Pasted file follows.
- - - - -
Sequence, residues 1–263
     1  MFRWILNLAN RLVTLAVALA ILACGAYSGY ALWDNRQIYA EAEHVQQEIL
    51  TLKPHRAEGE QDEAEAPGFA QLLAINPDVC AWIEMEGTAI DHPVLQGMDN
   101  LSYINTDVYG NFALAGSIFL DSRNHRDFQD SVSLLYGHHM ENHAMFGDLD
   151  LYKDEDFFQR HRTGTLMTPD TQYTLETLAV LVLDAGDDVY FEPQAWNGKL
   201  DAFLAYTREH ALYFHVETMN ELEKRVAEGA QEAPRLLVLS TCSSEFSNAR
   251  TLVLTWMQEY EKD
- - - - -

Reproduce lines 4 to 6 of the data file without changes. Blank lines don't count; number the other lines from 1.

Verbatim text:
   101  LSYINTDVYG NFALAGSIFL DSRNHRDFQD SVSLLYGHHM ENHAMFGDLD
   151  LYKDEDFFQR HRTGTLMTPD TQYTLETLAV LVLDAGDDVY FEPQAWNGKL
   201  DAFLAYTREH ALYFHVETMN ELEKRVAEGA QEAPRLLVLS TCSSEFSNAR